2010 Nissan GTR
Engine 3.8L VR38DETT twin-turbo V6
Relevant Mods CBRD 700R turbo compressor wheel and actuator upgrade, front mount intercooler, downpipes/midpipe combo, 3-inch exhaust, intakes, Injector Dynamics 1300 injectors, Cobb AP with CBRD Speed Density Protune
If you’ve had the pleasure of getting behind the wheel or sitting shotgun in a stock R35 GTR, you’ll know they are already extremely fast machines from the get-go. However, there are some of us out there who simply have a need for ridiculous speed. Thankfully, the great minds at Nissan have worked some very generous margins into the VR38DETT engine that allow shops like CBRD to boost power levels by very large margins through bolt-on parts and tuning.
Unlike other platforms, which often sacrifice driveability or dramatically shift powerbands to achieve serious horsepower bumps, the R35’s demeanor remains very factory-esque. The sacrifices made with an upgrade of this nature are few, and that’s what makes it so appealing.
CBRD is no stranger to the GTR market; in 2008 the company developed the first radiator cooling solution in the U.S. and one of the first set of midpipes for the car. AMS still uses the radiator solution, and many other large GTR companies utilize CBRD’s 3-inch or 4-inch Y-pipes.
It was only natural that CBRD wanted to develop a turnkey package in which GTR owners can achieve 550 to 700 whp 93/E85 using all CBRD-developed components.
The 700RB turbochargers utilize a stock housing with billet proprietary compressor wheel and an upgraded wastegate actuator exclusive to CBRD. The compressor flows roughly 20 percent more than stock, allowing it to retain stock-like spool with more peak power.
The downpipe/midpipe combo is a proprietary CBRD piece that incorporates V-band assemblies and high-temp flex bellows to alleviate stress and lessen the skills required for installation. The end result is a downpipe/midpipe that can be installed in less than an hour once the factory bits are removed. The lightweight, dual 3-inch piping flowing to a main 4-inch center pipe results in remarkably fast response and spool up while allowing for better boost control in the high-rpm range where smaller pipes (or OEM) cause boost to be sensitive and hard to manage.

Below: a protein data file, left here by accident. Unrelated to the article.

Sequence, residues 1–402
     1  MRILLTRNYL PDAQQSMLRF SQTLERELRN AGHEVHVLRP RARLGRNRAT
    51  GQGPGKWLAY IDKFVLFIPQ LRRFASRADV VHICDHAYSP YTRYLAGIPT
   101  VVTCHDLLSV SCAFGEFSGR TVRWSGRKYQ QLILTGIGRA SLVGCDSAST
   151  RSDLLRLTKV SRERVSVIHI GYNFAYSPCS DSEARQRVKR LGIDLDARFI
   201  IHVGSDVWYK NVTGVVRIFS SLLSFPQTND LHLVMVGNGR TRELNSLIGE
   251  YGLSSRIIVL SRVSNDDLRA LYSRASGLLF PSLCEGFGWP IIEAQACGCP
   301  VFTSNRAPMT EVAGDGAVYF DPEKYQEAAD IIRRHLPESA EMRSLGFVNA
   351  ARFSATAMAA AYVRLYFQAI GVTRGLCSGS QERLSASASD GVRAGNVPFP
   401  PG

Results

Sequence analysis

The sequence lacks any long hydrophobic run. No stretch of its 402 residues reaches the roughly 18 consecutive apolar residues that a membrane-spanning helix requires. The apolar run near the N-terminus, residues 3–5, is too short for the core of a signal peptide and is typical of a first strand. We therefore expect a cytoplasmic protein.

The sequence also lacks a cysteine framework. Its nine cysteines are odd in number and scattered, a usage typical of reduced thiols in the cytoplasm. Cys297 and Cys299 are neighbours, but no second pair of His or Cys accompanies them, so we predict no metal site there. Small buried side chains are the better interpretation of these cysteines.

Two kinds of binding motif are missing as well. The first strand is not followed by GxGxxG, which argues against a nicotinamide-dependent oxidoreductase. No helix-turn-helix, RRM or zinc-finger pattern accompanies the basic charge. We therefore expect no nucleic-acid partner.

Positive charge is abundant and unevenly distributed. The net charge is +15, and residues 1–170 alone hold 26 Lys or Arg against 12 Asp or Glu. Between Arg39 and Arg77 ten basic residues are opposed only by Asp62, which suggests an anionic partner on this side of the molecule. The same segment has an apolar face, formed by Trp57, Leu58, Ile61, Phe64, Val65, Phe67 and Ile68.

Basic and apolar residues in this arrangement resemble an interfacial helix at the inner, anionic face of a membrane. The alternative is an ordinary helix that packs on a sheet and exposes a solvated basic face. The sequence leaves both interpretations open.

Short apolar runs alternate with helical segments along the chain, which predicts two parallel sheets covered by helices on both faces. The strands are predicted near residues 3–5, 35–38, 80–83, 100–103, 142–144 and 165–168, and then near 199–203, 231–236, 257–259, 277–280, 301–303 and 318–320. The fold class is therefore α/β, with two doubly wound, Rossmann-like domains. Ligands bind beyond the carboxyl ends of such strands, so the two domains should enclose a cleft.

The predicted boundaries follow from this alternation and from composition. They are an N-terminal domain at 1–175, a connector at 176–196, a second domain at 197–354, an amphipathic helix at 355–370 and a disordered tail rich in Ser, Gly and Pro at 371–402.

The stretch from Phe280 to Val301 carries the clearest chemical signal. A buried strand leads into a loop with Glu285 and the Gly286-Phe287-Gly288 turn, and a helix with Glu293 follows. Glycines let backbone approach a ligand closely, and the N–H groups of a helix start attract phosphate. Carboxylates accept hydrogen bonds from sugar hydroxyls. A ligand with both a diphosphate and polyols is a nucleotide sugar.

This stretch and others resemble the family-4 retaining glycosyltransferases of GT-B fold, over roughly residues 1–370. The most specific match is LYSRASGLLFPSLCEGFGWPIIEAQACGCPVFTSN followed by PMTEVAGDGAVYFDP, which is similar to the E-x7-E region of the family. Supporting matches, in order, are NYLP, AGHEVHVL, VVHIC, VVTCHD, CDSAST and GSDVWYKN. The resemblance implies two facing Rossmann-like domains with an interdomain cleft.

To complete the kit, additional supporting mods are needed. Injector Dynamics 1300cc injectors provide ample fuel delivery while maintaining stock-like daily driveability. CBRD 3-inch intakes and a front mount intercooler are also necessary upgrades to handle more boost.
Without proper tuning, these parts would fail to deliver big gains, so CBRD relies on a Cobb Accessport and its own custom tune to maximize horsepower and torque output. Just how much does it make? Let’s find out.
Using CBRD’s ’10 GTR test mule (we wish we had our own R35 to use), it was strapped onto the in-house Mustang dyno and managed to put down a very healthy 391 whp and 381 wtq in stock trim. The CBRD team then went to work tearing out the engine and swapping over all the necessary components needed for this upgrade.
If you think you’re going to perform this on your GTR, think again. When you’re playing with cars of this caliber, turbo upgrades are best left to the pros.
With the upgraded turbos installed and the rest of the car buttoned up, the GTR was strapped back onto the dyno. The last thing to consider was what gas to use. Luckily, CBRD can set up the GTR to run on different pump, race, and E85 fuels, so when you really want to get that extra kick in the ass, the tuning is already there. On 93-octane pump gas, the CBRD-equipped GTR put down a very stout 567 whp and 551 wtq. With E85, those numbers rise drastically to 637 whp and 572 wtq. That’s a tarmac-melting 246-whp and 191-wtq gain over stock.
If you thought a stock GTR is fast, then prepare for the after burners with this setup. It’s stupid quick, about as fast as a street car should ever be. Any more and it would just be plain silly.
As expected, wzhen you’re cruising around town, the R35 behaves like it would when it rolled off the factory assembly line. There are no serious trade-offs with this setup, making it that much more appealing. Even the exhaust note, which has more bark and growl, is not obnoxious or intrusive. You can roll around town without anyone suspecting there’s an extra 246 whp packed under the hood.
The entire package prices in around $14,250, depending on parts and whatnot, which when you consider the results and gains doesn’t seem that expensive at all. Remember, we aren’t dealing with Hondas and Nissans here—rather a six-figure automobile.
If you’re one of lucky individuals who owns Nissan’s premier supercar and are looking for even more insane performance out of it, then a CBRD upgrade package may be a go-fast solution.
- Stock housing turbos with upgraded billet compressor wheels and wastegate actuators
- Flow 20 percent more than stock while retaining stock-like spool
- Full SS, Tig-welded and back-purged downpipe/midpipe combo increases spool up and enhances flow characteristics
- CBRD’s Cobb Tuning Pro Center enables custom tuning for each and every GTR turbo setup to optimize power delivery and driveability
- SCBRD stock housing billet compressor ball bearing turbochargers are rated for up to 1,000 hp
93-octane pump gas
+ 176 whp
+ 170 wtq
Before 391 whp and 381 wtq
After 567 whp and 551 wtq
+ 246 whp
+ 191 wtq
Before 391 whp and 381 wtq
After 637 whp and 572 wtq